"Much changed when Rene Descartes (1596-1650) put forward his famous formula, Cogito ergo sum--'I think. Therefore, I am.' ... Devoted to rationalism, Descartes insisted upon absolute philosophical certainty. There must be a way of knowing things beyond any doubt, Descartes insisted, and therefore he sought a foundation for grounding all human knowledge. That foundation was universal reason. Like Plato, Descartes believed that instead of the world shaping the mind, the mind shaped the world."

Hume went further. Since he had never seen any miracles, then miracles could not happen. Therefore all of Christianity must be false.

This is pretty much the common view today. "If I cannot see it (or work it out for myself) then it does not exist."

A history of modernism:
3. "Progress"

In earlier times, it was accepted that ancient peoples often knew more than we do. One of the best ways too discover something was to learn what the ancients knew: so we studied the ancient Hebrews, or the ancient Greeks. But now that has all changed. If mankind has a foundation in certainty, then we can work things out for ourselves. Each generation can discover even more things than the previous generation. Hence, life can get better and better. Technological change is seen as the ultimate proof of this. Each generation can make better machines than the last, and these machines enable us to do everything bigger, better, and faster.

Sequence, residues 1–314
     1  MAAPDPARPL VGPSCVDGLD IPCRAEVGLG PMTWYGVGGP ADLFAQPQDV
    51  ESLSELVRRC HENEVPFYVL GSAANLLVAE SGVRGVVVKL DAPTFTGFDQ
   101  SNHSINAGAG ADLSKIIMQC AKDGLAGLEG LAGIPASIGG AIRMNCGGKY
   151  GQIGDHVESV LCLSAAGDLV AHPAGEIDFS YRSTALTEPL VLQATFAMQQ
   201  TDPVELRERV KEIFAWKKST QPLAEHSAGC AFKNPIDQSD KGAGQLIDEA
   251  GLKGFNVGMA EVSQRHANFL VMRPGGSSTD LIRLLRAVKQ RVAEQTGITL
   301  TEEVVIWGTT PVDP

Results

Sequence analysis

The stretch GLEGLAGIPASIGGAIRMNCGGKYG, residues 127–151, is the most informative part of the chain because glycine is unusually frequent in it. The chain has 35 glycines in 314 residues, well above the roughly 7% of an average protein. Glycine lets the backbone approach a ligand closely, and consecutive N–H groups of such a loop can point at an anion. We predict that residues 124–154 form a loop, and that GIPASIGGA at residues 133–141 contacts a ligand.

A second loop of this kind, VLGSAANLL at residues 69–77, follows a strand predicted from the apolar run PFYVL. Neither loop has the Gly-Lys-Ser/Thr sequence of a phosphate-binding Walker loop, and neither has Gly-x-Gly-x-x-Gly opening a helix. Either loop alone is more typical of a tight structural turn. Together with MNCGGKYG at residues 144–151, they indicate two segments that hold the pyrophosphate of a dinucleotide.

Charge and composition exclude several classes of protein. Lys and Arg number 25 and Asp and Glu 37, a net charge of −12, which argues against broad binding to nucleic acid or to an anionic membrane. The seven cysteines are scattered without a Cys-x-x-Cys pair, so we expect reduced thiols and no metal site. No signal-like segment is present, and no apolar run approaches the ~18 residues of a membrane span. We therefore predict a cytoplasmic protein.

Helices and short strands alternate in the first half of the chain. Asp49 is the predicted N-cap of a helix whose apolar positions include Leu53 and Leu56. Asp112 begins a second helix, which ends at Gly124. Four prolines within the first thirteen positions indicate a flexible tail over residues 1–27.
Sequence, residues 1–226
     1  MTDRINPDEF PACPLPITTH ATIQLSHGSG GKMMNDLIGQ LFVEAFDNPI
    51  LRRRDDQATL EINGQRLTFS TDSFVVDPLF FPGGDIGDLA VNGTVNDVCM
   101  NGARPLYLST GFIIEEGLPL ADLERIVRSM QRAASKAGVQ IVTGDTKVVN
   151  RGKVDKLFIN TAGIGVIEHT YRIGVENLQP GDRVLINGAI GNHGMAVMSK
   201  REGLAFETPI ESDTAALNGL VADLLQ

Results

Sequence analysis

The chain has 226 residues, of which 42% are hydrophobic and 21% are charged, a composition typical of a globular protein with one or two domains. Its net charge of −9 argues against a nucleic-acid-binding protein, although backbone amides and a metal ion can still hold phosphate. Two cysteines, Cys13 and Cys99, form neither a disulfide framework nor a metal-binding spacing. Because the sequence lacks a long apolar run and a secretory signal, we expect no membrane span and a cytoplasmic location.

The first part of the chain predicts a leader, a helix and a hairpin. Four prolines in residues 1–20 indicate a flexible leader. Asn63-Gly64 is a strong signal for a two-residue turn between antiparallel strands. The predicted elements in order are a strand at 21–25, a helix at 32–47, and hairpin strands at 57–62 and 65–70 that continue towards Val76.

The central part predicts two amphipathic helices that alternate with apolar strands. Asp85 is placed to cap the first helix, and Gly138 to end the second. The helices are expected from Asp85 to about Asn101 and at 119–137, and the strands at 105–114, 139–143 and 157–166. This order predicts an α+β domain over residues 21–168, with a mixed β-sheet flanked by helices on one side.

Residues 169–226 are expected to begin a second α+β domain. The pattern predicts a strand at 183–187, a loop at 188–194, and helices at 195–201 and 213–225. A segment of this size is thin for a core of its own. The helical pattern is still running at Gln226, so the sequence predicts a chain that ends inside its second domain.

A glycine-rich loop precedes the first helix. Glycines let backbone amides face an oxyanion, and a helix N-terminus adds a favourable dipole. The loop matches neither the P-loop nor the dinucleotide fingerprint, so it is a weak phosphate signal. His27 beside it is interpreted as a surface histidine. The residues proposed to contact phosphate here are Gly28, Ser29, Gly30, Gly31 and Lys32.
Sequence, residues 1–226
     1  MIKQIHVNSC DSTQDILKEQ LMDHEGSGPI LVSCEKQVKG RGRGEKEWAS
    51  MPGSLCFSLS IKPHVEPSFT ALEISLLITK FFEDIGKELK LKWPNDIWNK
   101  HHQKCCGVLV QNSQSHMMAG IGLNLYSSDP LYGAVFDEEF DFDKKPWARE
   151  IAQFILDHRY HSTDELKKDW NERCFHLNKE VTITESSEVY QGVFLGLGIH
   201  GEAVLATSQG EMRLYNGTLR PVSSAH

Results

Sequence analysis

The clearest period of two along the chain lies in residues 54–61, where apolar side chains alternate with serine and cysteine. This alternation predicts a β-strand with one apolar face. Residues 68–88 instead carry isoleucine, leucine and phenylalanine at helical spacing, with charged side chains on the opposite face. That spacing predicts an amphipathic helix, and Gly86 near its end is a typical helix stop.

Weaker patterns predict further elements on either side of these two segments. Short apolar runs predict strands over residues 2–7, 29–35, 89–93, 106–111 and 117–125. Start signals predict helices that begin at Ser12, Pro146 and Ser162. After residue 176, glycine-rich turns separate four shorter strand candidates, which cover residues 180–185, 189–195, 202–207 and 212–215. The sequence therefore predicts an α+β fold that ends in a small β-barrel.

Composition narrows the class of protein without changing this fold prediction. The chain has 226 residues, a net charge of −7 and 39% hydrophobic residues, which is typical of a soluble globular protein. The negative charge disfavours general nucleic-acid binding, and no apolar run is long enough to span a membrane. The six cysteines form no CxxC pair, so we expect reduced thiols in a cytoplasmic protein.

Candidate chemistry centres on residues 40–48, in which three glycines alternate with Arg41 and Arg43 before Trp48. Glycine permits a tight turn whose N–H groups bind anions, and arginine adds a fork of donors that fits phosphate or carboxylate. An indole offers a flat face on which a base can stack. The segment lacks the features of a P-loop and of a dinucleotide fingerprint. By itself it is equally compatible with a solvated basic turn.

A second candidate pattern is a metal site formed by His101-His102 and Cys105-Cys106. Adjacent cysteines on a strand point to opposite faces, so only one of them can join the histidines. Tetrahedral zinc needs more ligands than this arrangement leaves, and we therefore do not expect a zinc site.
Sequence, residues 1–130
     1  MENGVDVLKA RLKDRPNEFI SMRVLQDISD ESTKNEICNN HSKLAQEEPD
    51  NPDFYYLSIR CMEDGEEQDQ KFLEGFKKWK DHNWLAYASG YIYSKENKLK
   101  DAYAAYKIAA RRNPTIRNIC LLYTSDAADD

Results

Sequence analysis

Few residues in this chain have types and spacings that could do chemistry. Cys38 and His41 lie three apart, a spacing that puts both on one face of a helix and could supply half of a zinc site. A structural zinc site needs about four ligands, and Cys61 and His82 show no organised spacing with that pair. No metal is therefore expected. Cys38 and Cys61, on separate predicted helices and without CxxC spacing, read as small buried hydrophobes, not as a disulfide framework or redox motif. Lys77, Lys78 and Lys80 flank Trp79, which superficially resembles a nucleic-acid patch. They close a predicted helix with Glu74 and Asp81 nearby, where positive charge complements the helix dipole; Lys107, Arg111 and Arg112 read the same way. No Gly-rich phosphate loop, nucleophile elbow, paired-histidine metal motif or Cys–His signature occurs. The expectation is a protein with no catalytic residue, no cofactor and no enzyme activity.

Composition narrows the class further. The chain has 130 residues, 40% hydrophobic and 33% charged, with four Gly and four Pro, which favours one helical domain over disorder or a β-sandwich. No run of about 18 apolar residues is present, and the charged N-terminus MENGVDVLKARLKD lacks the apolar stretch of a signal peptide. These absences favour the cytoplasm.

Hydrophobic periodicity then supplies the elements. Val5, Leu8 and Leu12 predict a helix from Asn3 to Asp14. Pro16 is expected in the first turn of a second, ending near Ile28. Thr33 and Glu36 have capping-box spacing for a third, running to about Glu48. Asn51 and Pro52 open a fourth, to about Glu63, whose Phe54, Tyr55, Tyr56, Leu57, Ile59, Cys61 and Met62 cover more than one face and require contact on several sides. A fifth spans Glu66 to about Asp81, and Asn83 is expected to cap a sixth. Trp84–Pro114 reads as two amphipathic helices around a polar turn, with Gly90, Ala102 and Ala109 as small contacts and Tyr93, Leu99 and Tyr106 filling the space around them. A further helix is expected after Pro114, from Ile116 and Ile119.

Actually, this is not such a new idea. This is really "New Age" thinking in a new package. The basic idea is that we, as a people, have grown out of the old ways into a new and better world. It was Joachim's medieval heresy again, that we no longer need external authority because we live in "the age of the holy Spirit".

Problems with modernism

1. It is based on a bogus dilemma
It is assumed that authority and reason progress cannot go together. They can. It is only faulty authority that needs to be rejected, just as we need to reject faulty reason.

2. It rejects its origins
It is assumed that modernism arose by rejecting Christianity (or to be precise, Judeo-Christianity). In fact, it was only because of Christianity that modernism could exist. Most other major faiths teach a cyclical view of history - that we are going though the same cycles again and again (e.g. in reincarnation). But Christianity teaches a linear view of history - that we are genuinely going somewhere. It also teaches that we are all individuals, rather than just part of some greater whole. It was only in this tradition that the enlightenment and the idea of "progress" were possible.

3. It is illogical